I spent last weekend away. I joined several of my US Naval Academy classmates for a weekend in Ormond Beach at one of their homes. And as it is always likely to happen, when we get together, there were lots of sea stories. Daring tales of iron men and wooden ships braving the deep waters – and some of the stories were even true. It was also interesting hearing all the details of my friend’s assignments and their encountering other classmates in those assignments. Several of the men at the gathering had made careers of the Navy; several of us had not.
I did not make a career of the Navy, getting out after 8 years in submarine service. Many people have asked me why I would not want to make a career of the Navy especially after graduating from Annapolis. As with most major life decisions it’s complicated. In part, it was at the 8-year point that the Naval detailer – the office who makes personnel and career assignments – outlined my career path: another department head tour at sea, executive officer assignment – at sea – and then a tour as a sea-going commanding officer – very exciting in his telling. Imagine – keys to my very own nuclear submarine! But…all I heard was that I would spend the next 12 years at sea. I suddenly had the vision of being in my early 40’s and having morphed into the ancient mariner returning to a world that was now foreign and mysterious – yes, yes, a little dramatic, but hey – have you ever lived on a submarine? But in truth it was probably deeper than that. I was not always blessed with good models of commanding officers – men who easily carried that mantle of being a good commander and a good person at the same time. And it makes a difference.
One of my Academy friends had a different experience and every young officer from his first submarine went on to command submarines later in their careers. Not one junior officer from another’s first assignment stayed in much past their minimum commitment. The models of leadership – and there are many models – the models of leadership make a difference.
On the other hand, I have been blessed to know men who well carried the mantles of being good men, good priests, and good pastors – even as they employed very different styles of pastoral leadership. I think I was in college before I heard a priest without an Irish accent – that’s perhaps a bit of an exaggeration, but my memory of priests in the 1960s is that they were Irish, kind, funny but definitely in charge – one did not argue with Father. I missed the 1970s – I was underwater.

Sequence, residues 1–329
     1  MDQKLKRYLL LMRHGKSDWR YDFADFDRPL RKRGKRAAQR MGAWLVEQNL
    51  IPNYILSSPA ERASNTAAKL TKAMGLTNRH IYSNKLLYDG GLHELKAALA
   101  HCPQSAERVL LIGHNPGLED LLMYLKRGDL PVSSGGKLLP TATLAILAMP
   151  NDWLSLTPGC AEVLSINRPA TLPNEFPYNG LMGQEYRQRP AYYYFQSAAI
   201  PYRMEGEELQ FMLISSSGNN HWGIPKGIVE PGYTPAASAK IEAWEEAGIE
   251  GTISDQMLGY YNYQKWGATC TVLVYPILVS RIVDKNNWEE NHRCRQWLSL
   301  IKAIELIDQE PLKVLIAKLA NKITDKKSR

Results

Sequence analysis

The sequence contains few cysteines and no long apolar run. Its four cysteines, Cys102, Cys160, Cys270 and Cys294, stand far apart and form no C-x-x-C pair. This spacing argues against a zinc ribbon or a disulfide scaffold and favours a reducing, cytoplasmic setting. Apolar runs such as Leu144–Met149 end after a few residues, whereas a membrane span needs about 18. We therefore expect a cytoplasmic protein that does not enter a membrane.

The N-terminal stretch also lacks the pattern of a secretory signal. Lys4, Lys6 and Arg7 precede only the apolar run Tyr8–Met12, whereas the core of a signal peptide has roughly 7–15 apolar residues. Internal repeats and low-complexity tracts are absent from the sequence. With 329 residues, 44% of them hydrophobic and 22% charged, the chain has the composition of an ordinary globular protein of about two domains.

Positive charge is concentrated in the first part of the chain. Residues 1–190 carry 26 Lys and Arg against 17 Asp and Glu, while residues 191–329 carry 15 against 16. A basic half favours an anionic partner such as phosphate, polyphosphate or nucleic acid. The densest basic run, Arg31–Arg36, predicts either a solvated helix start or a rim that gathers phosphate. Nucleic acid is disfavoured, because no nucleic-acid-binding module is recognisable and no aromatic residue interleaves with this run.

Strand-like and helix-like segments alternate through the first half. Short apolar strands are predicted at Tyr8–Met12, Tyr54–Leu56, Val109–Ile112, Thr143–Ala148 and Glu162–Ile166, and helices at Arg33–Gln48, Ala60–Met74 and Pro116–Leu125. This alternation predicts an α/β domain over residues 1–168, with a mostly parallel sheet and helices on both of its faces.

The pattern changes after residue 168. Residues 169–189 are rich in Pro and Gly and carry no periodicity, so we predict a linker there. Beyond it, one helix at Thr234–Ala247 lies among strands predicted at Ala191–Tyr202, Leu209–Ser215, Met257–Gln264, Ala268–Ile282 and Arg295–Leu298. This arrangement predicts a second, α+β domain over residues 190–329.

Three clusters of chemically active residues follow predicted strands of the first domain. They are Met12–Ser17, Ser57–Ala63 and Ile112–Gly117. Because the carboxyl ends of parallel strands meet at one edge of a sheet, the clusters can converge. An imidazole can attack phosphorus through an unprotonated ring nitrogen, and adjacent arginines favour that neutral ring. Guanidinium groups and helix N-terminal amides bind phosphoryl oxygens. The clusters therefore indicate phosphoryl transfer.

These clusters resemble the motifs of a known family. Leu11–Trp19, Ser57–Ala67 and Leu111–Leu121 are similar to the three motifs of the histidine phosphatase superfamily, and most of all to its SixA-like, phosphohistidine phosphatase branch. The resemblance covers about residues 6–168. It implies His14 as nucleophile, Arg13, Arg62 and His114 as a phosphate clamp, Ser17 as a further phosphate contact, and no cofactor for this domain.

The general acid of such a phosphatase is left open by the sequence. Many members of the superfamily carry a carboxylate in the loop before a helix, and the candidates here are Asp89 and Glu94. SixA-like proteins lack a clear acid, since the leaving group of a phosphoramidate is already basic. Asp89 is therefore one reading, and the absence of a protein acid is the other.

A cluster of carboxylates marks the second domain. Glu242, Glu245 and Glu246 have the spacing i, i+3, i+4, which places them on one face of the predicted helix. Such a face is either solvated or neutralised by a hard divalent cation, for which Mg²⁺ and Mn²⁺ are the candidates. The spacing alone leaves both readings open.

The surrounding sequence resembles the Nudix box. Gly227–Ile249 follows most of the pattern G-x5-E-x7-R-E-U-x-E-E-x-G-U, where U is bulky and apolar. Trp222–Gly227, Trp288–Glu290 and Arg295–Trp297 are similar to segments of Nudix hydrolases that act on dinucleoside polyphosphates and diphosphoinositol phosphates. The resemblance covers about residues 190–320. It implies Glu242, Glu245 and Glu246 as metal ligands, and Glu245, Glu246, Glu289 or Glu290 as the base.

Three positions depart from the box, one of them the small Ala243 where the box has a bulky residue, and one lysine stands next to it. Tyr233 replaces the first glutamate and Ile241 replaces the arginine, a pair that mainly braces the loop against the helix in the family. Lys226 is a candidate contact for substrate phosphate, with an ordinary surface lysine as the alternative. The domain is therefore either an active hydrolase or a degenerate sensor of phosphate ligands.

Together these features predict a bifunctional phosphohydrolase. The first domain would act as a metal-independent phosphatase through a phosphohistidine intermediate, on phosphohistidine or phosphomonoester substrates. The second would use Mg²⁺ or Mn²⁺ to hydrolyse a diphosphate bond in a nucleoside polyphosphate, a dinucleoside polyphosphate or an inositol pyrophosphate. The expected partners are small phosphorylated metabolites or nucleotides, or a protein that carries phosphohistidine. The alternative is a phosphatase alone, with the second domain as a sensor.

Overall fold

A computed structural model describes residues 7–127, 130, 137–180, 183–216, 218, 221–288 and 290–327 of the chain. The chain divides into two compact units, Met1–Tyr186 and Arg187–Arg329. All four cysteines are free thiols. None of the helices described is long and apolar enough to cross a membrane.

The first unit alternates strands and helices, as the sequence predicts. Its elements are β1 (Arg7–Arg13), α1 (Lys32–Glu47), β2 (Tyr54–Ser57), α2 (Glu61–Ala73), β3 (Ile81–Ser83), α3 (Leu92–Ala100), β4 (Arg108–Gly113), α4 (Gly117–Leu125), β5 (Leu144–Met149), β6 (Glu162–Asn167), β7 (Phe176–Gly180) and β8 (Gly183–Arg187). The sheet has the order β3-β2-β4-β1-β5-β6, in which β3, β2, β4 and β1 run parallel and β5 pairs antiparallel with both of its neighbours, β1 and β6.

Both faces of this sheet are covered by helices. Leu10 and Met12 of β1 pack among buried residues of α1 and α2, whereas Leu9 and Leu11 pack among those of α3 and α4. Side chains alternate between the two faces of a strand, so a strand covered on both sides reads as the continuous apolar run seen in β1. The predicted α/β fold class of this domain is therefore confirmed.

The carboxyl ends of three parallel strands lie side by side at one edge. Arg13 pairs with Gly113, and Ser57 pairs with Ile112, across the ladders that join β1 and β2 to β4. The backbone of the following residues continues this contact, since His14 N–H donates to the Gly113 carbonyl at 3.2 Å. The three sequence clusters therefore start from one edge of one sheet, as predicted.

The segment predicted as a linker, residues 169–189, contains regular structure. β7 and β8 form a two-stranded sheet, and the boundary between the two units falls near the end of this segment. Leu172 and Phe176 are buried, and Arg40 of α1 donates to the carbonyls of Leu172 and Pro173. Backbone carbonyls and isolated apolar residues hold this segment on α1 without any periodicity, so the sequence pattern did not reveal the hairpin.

In the 1980s I ran into my first Franciscan – clearly it made a difference. Like the priests I had known before, they were good men, priests and pastors – but the underlying way in which they were shepherds was different. They were not so remote – you could get close enough to see their humanity, their flaws, and their fraternity among the brothers. They were approachable – and in time they made you see yourself differently – made our second reading a more visible, viable, and real: “See what love the Father has bestowed on us that we may be called the children of God. [And] so we are.” The friars in many and varying ways continued to challenge and call each person to see the love God has showered upon each one, the gifts that each possessed, as well as the call to respond to such divine love, by bring forward their own gifts to the larger body of the Church community. But it was more than that, too.
When you would begin to respond to the call to bring your gifts, you might come to one of the friars and begin a conversation. They might have said, “This is what I need you to do.” But the friars had a way of life of welcoming you to mutually discern the Spirit’s movement within the larger wisdom of the Church community – and you were totally free to argue with Father. It was their way of leading you into the wider, the longer view: “Beloved, we are God’s children now; what we shall be has not yet been revealed. We do know that when it is revealed we shall be like him, for we shall see him as he is.”
In other words, what you were doing now was more than functional, more than task-oriented – even as you brought forth your gifts, your talents, your treasures – you were becoming. You were continually being made anew. You sensed that for now you were God’s child, but were becoming God’s teenager, young adult, and moving toward the blossoming of fuller, more complete relationship with God: “what we shall be has not yet been revealed” And there was a native excitement, challenge and hope in that realization. The friars made it clear that they were on the same journey with all the same excitement, challenges and hope.
That’s my experience. I hope that you have had good leaders, good shepherds in your life. And I hope that your life and worship here at Sacred Heart help you to understand these two short verses from our second reading, two simple verses from the First Letter of John
“See what love the Father has bestowed on us that we may be called the children of God. [And] so we are.” “Beloved, we are God’s children now; what we shall be has not yet been revealed. We do know that when it is revealed we shall be like him, for we shall see him as he is.”
I pray that you see yourself as a child of God – loved, embraced, corrected when necessary, and free to explore – and that you are hopeful there is more to be revealed and that this prospect excites you. For we indeed are children of God. We belong and we are loved.